XII ESCAS Biennial Conference, University of Cambridge28 september 2011, 17:31
The European Society for Central Asian Studies successfully held its biennial conference in Churchill College at the University of Cambridge, UK, on September 20-22, 2011. This was its twelfth conference, since the first one organized back in 1991. The choice of subject for the conference – Central Asia: A Maturing Field – reflects appreciation to the qualitative changes in the academic vision of various aspects of post-soviet development of the Central Asian region.
The Conference was hosted by the Cambridge Central Asia Forum, Cambridge Kazakhstan Center and the UK Committee for Central and Inner Asia. Speaking on behalf of British establishment, Chairman of the British All Party Parliamentary Group on Central Asia Lord V. Waverley congratulated chairman of the forum Cambridge Professor Siddharth Saxena and his colleagues, including Chokan Laumulin from Kazakhstan, on the massive successes of the conference and the Central Asian Forum in strengthening the role and significance of this region in the international arena.
The fact that a conference on their home region is held in the famous Cambridge University, known for its centuries-long traditions of knowledge transfer and science development, was of great significance in itself for the scholars from Central Asia. In spite of its educational remoteness from Europe post-soviet Central Asia is looking to Western Europe for norms and models and strives to bolster academic mobility of its professors and students.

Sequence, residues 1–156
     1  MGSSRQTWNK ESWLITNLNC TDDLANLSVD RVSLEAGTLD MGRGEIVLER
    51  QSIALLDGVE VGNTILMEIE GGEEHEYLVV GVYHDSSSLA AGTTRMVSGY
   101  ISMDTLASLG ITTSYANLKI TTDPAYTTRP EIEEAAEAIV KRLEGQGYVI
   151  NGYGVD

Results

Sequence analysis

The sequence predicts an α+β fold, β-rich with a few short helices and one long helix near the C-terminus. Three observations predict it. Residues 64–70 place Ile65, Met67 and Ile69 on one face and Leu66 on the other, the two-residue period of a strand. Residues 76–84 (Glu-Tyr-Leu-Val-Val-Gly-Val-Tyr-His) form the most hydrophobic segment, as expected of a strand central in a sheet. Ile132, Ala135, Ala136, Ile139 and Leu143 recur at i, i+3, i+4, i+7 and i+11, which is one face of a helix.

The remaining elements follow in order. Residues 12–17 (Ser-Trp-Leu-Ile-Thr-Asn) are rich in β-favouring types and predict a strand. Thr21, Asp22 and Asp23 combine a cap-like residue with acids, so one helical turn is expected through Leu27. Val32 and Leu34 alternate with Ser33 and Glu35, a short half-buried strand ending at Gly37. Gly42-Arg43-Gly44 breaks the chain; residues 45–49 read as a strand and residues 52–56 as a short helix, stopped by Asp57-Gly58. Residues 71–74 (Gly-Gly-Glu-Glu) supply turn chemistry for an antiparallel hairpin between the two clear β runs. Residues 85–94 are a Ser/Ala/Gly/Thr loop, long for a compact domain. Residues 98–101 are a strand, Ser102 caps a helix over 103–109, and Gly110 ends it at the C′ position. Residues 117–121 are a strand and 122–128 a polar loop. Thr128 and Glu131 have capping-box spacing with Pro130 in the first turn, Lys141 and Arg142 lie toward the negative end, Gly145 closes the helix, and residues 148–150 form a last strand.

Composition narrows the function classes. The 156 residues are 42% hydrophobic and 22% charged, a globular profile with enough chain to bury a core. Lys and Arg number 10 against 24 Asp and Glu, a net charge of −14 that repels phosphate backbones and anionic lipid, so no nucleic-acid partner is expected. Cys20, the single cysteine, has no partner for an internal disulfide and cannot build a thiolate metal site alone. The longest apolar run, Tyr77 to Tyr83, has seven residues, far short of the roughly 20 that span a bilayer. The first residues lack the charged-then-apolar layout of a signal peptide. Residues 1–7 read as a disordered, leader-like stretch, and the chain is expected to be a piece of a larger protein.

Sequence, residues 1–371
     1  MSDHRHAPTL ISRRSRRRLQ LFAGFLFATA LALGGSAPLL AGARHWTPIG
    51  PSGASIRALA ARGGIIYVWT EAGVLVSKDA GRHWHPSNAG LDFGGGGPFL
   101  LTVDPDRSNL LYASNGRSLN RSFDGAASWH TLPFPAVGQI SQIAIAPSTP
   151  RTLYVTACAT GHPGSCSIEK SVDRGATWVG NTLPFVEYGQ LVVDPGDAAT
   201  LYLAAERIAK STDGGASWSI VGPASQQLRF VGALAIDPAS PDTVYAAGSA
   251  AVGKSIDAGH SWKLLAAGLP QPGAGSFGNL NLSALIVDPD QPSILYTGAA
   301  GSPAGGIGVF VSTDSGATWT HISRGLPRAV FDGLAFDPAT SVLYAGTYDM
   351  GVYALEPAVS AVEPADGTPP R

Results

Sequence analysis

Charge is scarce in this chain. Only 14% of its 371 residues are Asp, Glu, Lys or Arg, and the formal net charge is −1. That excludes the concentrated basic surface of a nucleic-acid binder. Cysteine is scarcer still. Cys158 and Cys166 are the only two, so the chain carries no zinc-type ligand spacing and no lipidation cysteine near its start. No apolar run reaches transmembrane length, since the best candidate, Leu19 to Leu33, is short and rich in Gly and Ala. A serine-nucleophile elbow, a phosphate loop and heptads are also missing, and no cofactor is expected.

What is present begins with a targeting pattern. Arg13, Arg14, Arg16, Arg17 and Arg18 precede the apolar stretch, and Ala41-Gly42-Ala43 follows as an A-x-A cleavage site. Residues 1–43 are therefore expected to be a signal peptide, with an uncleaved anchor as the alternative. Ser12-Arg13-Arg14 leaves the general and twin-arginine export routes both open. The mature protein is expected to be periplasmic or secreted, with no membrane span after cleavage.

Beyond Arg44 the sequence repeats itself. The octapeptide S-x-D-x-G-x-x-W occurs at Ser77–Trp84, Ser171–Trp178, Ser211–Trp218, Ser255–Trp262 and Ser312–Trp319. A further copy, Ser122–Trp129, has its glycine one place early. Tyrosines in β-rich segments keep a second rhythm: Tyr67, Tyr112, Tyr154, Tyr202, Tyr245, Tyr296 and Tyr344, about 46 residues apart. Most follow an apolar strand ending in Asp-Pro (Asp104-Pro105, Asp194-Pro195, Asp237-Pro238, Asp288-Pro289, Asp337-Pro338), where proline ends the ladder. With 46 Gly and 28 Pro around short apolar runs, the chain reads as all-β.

During the conference presentations and discussions were simultaneously held in 8 sections of the Churchill College. The presented reports were divided into the following categories:
1) Economy, geopolitics and international relations,
3) Literature and language,
4) Source studies,
5) Ethic, religious identity,
6) Cultural anthropology,
7) Art, architecture, culture,
8) Education reforms,
9) Media coverage of the region,
European scholars who took part in the conference represented schools of the UK, France, Belgium, Germany, Italy, Switzerland, Denmark, Netherlands, Spain, Poland, Bulgaria, Hungary and Estonia. The conference also gathered researchers from Russia, India, Turkey, Japan, Afghanistan, the United States and Australia.
What made this conference so special was that besides European scholars it attracted a substantial number of researchers from the region in focus: Kazakhstan, Uzbekistan, Kyrgyzstan and Tajikistan. This created an opportunity for the European colleagues to enter into life discussions with the insiders of their research subject matter. This prompted an exchanged of opinions among scholars with different original positions and perspectives.
Many of the reports left a lasting impression of epistemological barriers between the Western and Central Asian mentalities being overcome in many areas, in particular in historiography and literary studies. During the soviet era vision of these areas of knowledge was scrupulously controlled by the official soviet ideology that diluted the essence and sprit of any research. In the two decades of post-soviet maturing in a liberal environment the Central Asian region has developed a generation of researchers and analysts capable of independent comparison and multifaceted critical analysis.